Timelapse: IFR Flight Planning

Timelapse: IFR Flight Planning 2017-09-24 09:05:00 2017-09-24 09:05:00 2018-06-17 15:51:54
Pilot George
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24 September 2017

Unlike driving, flying isn't as simple as hopping in and enjoying the view as for every minute of flight, especially IFR, I tend spend the same amount of time planning the night before!

As trainee pilots we're expected to plan our route and collect the associated track, distance and minimum safe altitude information from the airway chart (as on my pinboard). This is then written on our paperwork for reference in the air. By taking a look at the forecast weather we can begin to make assumptions about the runways in use, and thus start to familiarise ourselves with associated arrival, approach and departure procedures. Prior familiarisation prevents confusion in the air, especially if the airport is new to us and leads to spare capacity for any in-air work.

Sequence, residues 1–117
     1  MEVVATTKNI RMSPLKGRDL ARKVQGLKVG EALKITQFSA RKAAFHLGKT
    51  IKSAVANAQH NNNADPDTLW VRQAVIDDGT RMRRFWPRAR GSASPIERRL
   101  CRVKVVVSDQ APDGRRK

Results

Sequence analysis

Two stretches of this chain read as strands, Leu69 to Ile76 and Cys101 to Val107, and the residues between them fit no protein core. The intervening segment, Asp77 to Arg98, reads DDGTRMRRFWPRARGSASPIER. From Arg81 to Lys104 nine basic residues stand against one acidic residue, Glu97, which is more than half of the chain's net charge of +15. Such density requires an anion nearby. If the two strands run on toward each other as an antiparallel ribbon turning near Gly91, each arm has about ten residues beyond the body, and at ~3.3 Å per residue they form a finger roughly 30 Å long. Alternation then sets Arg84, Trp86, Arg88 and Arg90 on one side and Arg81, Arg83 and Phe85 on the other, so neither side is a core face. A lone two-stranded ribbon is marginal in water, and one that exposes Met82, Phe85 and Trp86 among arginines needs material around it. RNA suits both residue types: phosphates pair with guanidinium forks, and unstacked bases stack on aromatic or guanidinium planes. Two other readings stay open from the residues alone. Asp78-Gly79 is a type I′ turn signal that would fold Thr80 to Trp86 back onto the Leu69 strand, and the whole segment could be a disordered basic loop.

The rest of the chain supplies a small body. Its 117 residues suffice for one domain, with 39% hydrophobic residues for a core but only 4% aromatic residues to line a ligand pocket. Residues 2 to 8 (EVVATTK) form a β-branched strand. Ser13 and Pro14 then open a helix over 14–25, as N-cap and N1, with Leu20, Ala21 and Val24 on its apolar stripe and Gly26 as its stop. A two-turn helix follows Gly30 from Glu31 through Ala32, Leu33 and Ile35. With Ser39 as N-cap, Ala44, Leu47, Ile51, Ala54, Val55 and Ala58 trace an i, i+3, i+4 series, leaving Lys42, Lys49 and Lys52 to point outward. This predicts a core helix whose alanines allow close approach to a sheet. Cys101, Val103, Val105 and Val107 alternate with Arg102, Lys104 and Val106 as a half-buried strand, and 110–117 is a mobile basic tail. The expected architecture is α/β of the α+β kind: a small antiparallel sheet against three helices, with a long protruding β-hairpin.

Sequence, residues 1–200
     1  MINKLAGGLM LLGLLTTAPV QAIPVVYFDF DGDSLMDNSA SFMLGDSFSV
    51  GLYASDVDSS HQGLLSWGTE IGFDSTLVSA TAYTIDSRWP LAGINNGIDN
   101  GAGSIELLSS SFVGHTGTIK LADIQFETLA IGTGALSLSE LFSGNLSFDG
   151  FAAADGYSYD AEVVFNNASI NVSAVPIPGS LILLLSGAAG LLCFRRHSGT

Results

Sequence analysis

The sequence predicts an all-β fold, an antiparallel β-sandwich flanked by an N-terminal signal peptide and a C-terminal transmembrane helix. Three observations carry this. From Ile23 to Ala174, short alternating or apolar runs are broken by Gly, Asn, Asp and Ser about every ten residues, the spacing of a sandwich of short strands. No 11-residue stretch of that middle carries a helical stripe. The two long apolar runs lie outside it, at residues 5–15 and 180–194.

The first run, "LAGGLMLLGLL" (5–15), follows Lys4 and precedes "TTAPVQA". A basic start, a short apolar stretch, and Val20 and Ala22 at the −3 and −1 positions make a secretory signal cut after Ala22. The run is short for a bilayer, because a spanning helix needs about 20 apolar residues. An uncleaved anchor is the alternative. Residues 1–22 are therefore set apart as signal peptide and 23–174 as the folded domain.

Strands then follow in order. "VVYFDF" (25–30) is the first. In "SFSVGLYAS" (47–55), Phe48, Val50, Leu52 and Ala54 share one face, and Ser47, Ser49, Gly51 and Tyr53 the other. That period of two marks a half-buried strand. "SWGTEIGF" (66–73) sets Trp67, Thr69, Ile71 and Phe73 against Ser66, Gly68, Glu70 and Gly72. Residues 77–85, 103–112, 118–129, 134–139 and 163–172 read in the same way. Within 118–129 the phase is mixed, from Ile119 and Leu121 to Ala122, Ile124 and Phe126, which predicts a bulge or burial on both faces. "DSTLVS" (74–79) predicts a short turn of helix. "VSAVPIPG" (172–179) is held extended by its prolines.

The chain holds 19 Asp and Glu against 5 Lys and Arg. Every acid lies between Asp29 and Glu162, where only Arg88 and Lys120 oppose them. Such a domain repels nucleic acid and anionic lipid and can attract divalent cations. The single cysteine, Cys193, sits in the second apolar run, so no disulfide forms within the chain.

Once we're happy with everything we can begin to draft flight plans which will later be electronically submitted to the air traffic control services. The very existence of flight plans provides advance notification of our intentions to controllers of both airspace and airports and enables them to provide adequate spacing between all traffic in their remit and lets them know our intentions.

On the day of our flight we re-check the weather prior to departure to see if we're actually able to go. In case of questionable weather we tend to have more than one route up our sleeve (as per this video) and can then submit the correct flight plan, account for drift in our tracking over the ground and have an idea of our groundspeed and associated ETAs.

All in all, prior planning prevents poor performance. There's certainly a lot to flying. Wouldn't change it for the world though.

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